Use this URL to cite or link to this record in EThOS: http://ethos.bl.uk/OrderDetails.do?uin=uk.bl.ethos.556053
Title: The antebellum white mistress : culpability and complexity in American women's retrospective fiction
Author: Robertson, Colleen
Awarding Body: Newcastle University
Current Institution: University of Newcastle upon Tyne
Date of Award: 2011
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Abstract:
This thesis examines the character of the white mistress in retrospective fiction- post hoc works that revisit the slave-narrative tradition to revise the story told about antebellum slavery in the Southern states of America. The figure of the white mistress has been at worst ignored and at best marginalised in much fictional and critical output. I redress the balance by focusing on three novels which foreground the role of the white mistress. Through an exploration of the white mistress in Willa Cather‘s Sapphira and the Slave Girl (1940), Sherely Anne Williams‘s Dessa Rose (1987) and Valerie Martin‘s Property (2003), I consider ways in which white female guilt in relation to slavery is represented. By responding to the work of Minrose Gwin, Toni Morrison and Ashraf Rushdy, among others, I extend the critical consideration given to the character of the plantation mistress. In Chapter One I explore how the female slave acts as a counterpoint for the white mistress, beginning by considering three stereotypes commonly associated with nineteenth-century southern women: the belle, the jezebel and the mammy. I argue that these stereotypes not only influence the relationship between the mistress and her slaves, but that the stereotypes themselves are troubled in retrospective fiction. In Chapter Two I explore familial responsibilities for the white mistress in relation to her husband and father and to her children. I argue that these novels expose how family ties are damaged not only for the slave but for the mistress in these novels, complicating any easy interpretation about the mistress‘s guilt. In Chapter Three I address the importance of the plantation setting in fiction about slavery. Specifically, I posit the plantation as a Gothic space for both the white mistress and her female slave, characterised by das unheimliche, claustrophobia and voyeurism. Although the white mistress is the principal focus of only a minority of retrospective novels about slavery, my thesis is driven by the increasing compulsion to confront this character‘s complicity in the South‘s peculiar institution.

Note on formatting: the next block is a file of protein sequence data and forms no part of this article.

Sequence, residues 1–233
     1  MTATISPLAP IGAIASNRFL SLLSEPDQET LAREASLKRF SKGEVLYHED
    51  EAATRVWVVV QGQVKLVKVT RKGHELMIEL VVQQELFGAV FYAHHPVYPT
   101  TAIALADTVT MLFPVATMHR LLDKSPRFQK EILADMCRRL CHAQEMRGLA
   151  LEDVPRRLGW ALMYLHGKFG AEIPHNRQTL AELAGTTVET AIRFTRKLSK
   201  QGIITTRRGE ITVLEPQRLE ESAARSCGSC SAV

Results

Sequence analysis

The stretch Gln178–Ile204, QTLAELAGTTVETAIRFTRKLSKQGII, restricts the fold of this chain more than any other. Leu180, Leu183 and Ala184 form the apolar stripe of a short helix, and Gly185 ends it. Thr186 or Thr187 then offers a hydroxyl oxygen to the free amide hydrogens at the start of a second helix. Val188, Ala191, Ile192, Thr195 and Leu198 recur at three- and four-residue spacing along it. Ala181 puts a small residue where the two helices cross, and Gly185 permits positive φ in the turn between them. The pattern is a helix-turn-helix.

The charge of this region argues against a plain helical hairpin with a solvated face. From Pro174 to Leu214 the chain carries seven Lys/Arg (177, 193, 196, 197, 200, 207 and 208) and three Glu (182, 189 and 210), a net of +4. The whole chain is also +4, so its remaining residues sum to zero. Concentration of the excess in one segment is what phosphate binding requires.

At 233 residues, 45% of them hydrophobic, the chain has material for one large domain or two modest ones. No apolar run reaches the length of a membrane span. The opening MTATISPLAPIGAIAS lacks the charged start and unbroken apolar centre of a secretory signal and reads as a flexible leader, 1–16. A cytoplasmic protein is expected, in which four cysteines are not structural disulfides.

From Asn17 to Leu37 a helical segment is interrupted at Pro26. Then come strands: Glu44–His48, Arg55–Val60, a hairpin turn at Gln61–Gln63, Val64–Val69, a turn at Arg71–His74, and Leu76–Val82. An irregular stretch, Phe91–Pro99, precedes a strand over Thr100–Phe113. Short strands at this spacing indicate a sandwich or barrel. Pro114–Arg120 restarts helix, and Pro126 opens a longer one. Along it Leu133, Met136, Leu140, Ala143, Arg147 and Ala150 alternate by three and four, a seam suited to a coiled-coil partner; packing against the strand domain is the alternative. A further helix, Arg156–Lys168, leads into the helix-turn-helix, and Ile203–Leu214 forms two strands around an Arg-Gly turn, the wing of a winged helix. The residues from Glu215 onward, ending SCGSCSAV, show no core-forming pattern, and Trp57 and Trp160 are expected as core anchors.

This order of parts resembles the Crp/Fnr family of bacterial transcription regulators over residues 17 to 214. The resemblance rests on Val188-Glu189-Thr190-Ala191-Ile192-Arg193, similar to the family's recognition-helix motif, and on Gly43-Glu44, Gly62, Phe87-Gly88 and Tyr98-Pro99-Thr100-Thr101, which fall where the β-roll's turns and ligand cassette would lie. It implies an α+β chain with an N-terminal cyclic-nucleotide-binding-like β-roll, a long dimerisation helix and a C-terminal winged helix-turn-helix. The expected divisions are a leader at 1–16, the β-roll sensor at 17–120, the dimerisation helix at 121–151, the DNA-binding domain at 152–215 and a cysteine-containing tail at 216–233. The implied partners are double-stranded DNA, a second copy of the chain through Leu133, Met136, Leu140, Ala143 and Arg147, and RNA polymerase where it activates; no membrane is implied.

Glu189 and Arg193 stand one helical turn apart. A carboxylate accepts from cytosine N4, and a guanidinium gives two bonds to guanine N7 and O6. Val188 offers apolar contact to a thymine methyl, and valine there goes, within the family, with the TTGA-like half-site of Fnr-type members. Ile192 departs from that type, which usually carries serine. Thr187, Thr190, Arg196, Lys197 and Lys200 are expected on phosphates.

Supervisor: Not available Sponsor: Not available
Qualification Name: Thesis (Ph.D.) Qualification Level: Doctoral
EThOS ID: uk.bl.ethos.556053  DOI: Not available
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